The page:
Communication to the broader department or company (depending on size) is key. I often find long emails or slack chats with updates get lost in the shuffle. Holding a standing meeting may be a better route. Find a cadence that works (weekly, monthly, or quarterly), create a consistent agenda so folks know what to expect, and make it fun. We award a 'beast mode' at the end of each meeting to a cross functional team member who has gone above and beyond. This helps to drive attendance folks want to see who wins beast mode. Make sure you're adding value to attendees or they'll stop showing up. Structuring the call with metrics (actual to target) along with program highlights is a good start. Did you just run a webinar? How did it do? What promo plan did you execute? Many cross functional teams find immense value in this, everyone from creative (seeing what graphics did or didn't work in driving response) to PMM, MOPs, and more. If you have other teams like field marketing, local geos (APAC, EMEA, etc) make sure to include them so they can showcase programs and share learnings.
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800 Views
Kayla Rockwell
Kayla Rockwell
Databricks Senior Group Manager, Demand GenerationAugust 5
The best candidates have a ruthless attention to detail, this is by far the most important trait in my view. Without it planning, managing, executing, and scaling campaigns becomes nearly impossible. Additionally stellar demand gen team members understand the importance of building true cross-functional relationships. I encourage new members to take the first half of all regularly scheduled 1 on1s to chat about non-work related things, and really get to know your PMM, MOPS, web, paid counterparts. As campaign managers we rely on other teams to get work dones and sometimes on short notice, strong relationships will help you deliver.
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781 Views
Kayla Rockwell
Kayla Rockwell
Databricks Senior Group Manager, Demand GenerationAugust 5
A team of one has the opportunity to lay the foundation for a solid demand generation function. That being said, it's important to ensure a thoughtful and scalable approach. You'll need to choose 1 or 2 main KPIs to impact, you should work with sales and PMM to form a point of view. You might choose traffic and form fills to start depending on the maturity of your business. Or you might choose MQLs and Opportunities. Once you have your KPIs identified you can begin crafting the right mix of programs to achieve your targets. Generally speaking I recommend an 80/20 split, 80% always on programs, think trial, ebooks, on demand webinars, AR, etc and 20% point in time (PIT) live webinars, training, hands on etc. Especially for a team of one you need to prioritize programs that will help you get the most out of your efforts. You’ll never be able to run enough webinars to keep up with growing targets, so it's important to build a solid always on engine and supplement with PIT.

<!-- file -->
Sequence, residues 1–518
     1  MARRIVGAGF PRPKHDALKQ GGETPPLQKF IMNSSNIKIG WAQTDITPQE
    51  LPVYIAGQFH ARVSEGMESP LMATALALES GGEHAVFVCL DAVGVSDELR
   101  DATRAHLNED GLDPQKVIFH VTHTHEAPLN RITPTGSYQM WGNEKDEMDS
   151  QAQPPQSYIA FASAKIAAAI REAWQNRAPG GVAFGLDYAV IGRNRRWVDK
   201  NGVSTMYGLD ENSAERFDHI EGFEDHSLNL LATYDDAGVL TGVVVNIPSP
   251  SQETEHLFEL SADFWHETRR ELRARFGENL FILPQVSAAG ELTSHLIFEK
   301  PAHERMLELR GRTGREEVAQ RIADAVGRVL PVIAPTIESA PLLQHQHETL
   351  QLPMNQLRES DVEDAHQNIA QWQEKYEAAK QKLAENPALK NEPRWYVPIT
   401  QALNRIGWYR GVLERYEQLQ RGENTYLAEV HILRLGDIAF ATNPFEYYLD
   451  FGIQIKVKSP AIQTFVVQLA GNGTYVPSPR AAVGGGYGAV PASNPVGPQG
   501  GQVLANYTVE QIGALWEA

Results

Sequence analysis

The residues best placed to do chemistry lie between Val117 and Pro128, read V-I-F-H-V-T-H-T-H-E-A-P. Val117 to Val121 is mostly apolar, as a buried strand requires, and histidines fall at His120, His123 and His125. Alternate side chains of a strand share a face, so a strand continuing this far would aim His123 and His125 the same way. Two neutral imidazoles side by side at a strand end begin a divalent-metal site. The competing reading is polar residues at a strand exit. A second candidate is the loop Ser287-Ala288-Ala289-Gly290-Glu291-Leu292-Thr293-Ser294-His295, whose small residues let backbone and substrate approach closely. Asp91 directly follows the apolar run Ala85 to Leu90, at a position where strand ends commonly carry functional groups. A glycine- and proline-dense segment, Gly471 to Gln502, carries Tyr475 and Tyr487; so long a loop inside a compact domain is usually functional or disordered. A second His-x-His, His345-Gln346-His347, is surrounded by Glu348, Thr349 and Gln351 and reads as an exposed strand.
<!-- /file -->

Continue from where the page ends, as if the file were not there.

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674 Views
Kayla Rockwell
Kayla Rockwell
Databricks Senior Group Manager, Demand GenerationApril 17
A Demand generation manager career path usually takes one of two routes. 1. A specialized expertise in a particular area, audience, GTM motion, vertical, technology focus, etc. 2. A people manager role, helping teams execute. Depending on your organization there may be several levels within each of these paths that allow for various amounts of responsibility, expertise, and scope. Spending time reflecting on what aligns with your aspirations will be important as you progress throughout your career.
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448 Views
Kayla Rockwell
Kayla Rockwell
Databricks Senior Group Manager, Demand GenerationApril 17
Ohhh! Interesting question. Demand generation has come a long way in the last several years thanks to marketing automation, analytics, and more. We can measure, slice and dice data, and optimize in ways we never thought possible. I believe many of these systems will get smarter, likely augmented at least in some part by AI. Data will become even more important going forward. Long gone are the days when a partial picture of campaign performance is acceptable. Campaign and demand generation managers should continue to focus and hone their skills around data manipulation, analysis, optimization, and using data to tell stories. They should understand how tools with AI can help their tech stacks, program performance, and more.
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415 Views
Kayla Rockwell
Kayla Rockwell
Databricks Senior Group Manager, Demand GenerationApril 17
I believe the top traits across demand generation candidates are as follows: * Sense of urgency * Attention to detail * Curiosity * Have a point of view but hold it lightly * Growth mindset, willingness to learn continuously * Solution-oriented thinking
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403 Views
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Senior Group Manager, Demand Generation at Databricks